Latin Jazz Conversations: Hilario Duran (Part 1)


Sign in to view read count
Sometimes an activity grabs our passions so completely that it becomes an obsession, capturing every last ounce of our attention. Regardless of our previous priorities and commitments, once we discover that all encompassing passion, we head out onto an unstoppable path. All of our time and energy goes into that one activity, as we constantly seek a stronger connection and a greater understanding. In some cases, our intense interest turns out to be a passing fad, and it soon becomes a thing of the past. When we really find that special something though, it resonates deeply within our souls and it forms an unbreakable bond with our greater life goals.

Pianist Hilario Durán found his passion in the piano and musical performance, a love that grew into a lifelong obsession. Durán's father played a large part in his early connection with music—a vocalist during the filin movement of the forties, the elder Durán himself was intimately immersed in music. His large record collection exposed Hilario to a wide spectrum of music at a young age. Once his parents bought a piano for his sister, Durán found his calling and spent endless hours with the instrument. Lessons pushed Durán even further, leading him to the Amadeo Roldan Conservatory of Music. The school supplied Durán with a thorough training in classical music, building his technique and greater musical knowledge. Outside of school, Durán spent countless hours “lifting" solos from classic jazz albums, as the pianist learned the inner workings of jazz improvisation from major role models. In 1970, Cuba called upon Durán to do his mandatory military service, and the rising young musician found a spot in the army band. He moved between different military bands in Cuba, spending time performing, but also trying his hand at writing music for the different groups. Once the army released Durán, he headed straight for Havana's bustling music scene, hoping to build upon his love of jazz. Unfortunately, the political climate in Cuba sent cold feeling towards jazz, leaving little opportunities to play the music. Durán's burning passion for the music would eventually connect him with jazz, as the tides slowly turned in Cuba.

Durán diligently moved his love for music forward through any obstacles, keeping his focus on his connection to the piano. Years later, Durán would grow into one of the most important Cuban piano players on the island and beyond, supporting the work of Arturo Sandoval and others, as well as making a serious mark as a bandleader. In Part One of our extensive interview with Durán, we discuss his early love for music, his studies both in and out of school, his military service, and much more.

LATIN JAZZ CORNER: You were born in Havana in 1953. Your father was involved in the filin movement of the forties; what was it like growing up around so much music?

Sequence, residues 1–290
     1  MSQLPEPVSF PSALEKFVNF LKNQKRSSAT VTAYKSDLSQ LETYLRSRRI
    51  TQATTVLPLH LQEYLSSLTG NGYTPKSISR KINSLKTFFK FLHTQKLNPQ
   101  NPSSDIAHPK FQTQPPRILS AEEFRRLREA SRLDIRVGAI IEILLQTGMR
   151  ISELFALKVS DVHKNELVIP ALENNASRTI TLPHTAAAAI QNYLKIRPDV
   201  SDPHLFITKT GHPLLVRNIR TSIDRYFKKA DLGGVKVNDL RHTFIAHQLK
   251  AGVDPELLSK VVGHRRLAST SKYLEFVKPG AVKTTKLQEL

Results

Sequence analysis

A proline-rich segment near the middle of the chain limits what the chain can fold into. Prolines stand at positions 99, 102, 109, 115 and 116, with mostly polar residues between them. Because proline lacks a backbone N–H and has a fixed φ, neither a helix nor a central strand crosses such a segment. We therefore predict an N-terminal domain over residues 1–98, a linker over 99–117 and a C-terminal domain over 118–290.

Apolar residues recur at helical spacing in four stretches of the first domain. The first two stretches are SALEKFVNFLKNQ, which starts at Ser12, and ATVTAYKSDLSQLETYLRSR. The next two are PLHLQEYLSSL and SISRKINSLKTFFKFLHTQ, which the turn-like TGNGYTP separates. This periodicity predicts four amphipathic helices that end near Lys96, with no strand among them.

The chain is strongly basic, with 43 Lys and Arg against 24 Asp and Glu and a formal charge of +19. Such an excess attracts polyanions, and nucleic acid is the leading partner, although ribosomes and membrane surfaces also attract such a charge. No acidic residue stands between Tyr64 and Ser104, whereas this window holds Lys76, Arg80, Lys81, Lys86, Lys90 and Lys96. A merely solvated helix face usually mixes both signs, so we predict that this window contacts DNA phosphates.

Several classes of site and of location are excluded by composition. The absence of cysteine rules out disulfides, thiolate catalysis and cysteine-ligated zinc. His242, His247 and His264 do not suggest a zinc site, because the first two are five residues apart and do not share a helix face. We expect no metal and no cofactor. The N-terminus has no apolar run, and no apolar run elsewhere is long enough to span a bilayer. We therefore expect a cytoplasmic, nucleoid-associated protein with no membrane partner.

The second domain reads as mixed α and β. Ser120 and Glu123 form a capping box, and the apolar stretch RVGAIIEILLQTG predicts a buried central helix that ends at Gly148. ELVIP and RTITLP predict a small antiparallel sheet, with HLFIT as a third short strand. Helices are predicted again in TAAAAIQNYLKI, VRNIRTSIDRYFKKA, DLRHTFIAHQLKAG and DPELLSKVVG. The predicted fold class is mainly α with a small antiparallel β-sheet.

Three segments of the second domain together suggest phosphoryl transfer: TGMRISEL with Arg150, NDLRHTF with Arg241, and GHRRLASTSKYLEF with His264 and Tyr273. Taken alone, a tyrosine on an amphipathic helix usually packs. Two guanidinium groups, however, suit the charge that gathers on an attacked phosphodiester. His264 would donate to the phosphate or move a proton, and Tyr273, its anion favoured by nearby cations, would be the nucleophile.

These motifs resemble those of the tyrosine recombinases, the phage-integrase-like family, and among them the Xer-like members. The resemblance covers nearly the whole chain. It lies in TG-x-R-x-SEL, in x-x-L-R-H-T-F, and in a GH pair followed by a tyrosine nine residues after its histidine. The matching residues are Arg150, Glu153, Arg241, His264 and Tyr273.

HILARIO DURÁN: There was so much music there; I had so much music in my home. My grandfather was a huge record collector, so my father used to be fond of a lot of music. My parents had a big collection of old records. I was listening to jazz and classical music, soundtracks of famous movies, and also the great Cuban classics like Ernesto Lecuona and Bola De Nieve. I was listening to American Jazz like Stan Kenton, Errol Garner, and Harry James—those were the first jazz records that I heard in my life. They were playing a lot of music everyday in my home. A

My father was really involved in music; he was part of the musical movement of the late forties called filin. My mom used to play piano when she was young but she had to quit for economical problems. My grandparents couldn't buy a piano for her when she was a kid so she quit. My parents bought a piano for my sister; at that time it was in fashion to put the girls to a piano teacher. They bought a wide upright piano to my home and it was love at first sight. I remember sitting all day making sounds on the piano. My mom had to hide the key to the piano from me! I didn't want to play baseball or anything; I just wanted to play piano all day. That was it.

After that, my sister and I started attending piano lessons in the neighborhood. I remember that I had two or three piano teachers. One of them I really remember with a lot of fondness—Caridad Mezquda; she was the aunt of the great guitarist Leo Brower. She started teaching me piano. Then in 1958, I went to the Amadeo Roldan National Conservatory Of Music and got into that school. From 1968 until the 1970s, I had piano lessons there as well as other assignments like sight-reading, ear training, music history, and all this other stuff.

After that I started working with local bands in Havana. The first one that I worked with as a professional musician Los Papa Cun Cun. It was a folkloric group with piano, bass, three singers, and three percussionists. It was a very original band. The leader of the band was Evaristo Aparicio.

LJC: Who were some of the musicians that your father was involved with during the filin movement of the forties?

HD: He was involved with a great musical movement at that time. There was a few young musicians and composers involved, doing a kind of troubadour thing. Those people, they used to work painting houses and work in construction; they had music as a hobby . . . but they really loved music. They used to reunite in a place called Callejón de Hamel. They were great composers. I can name a few—José Antonio Méndez, Angel Diaz, Cesar Portillo de la Luz, and Ñico Rojas. There were also great singers like Omara Portuondo and Elena Burke. Actually my father brought Elena Burke to this group.

They would play every weekend at the Callejón de Hamel. They had a quartet. They used to sing in four voices, like gospel music. They sang by ear and they had their voices in harmony. The quartet was Cesar Portillo de la Luz, Angel Diaz, José Antonio Méndez, and my father was the lower voice.

LJC: Did you hear any of that growing up?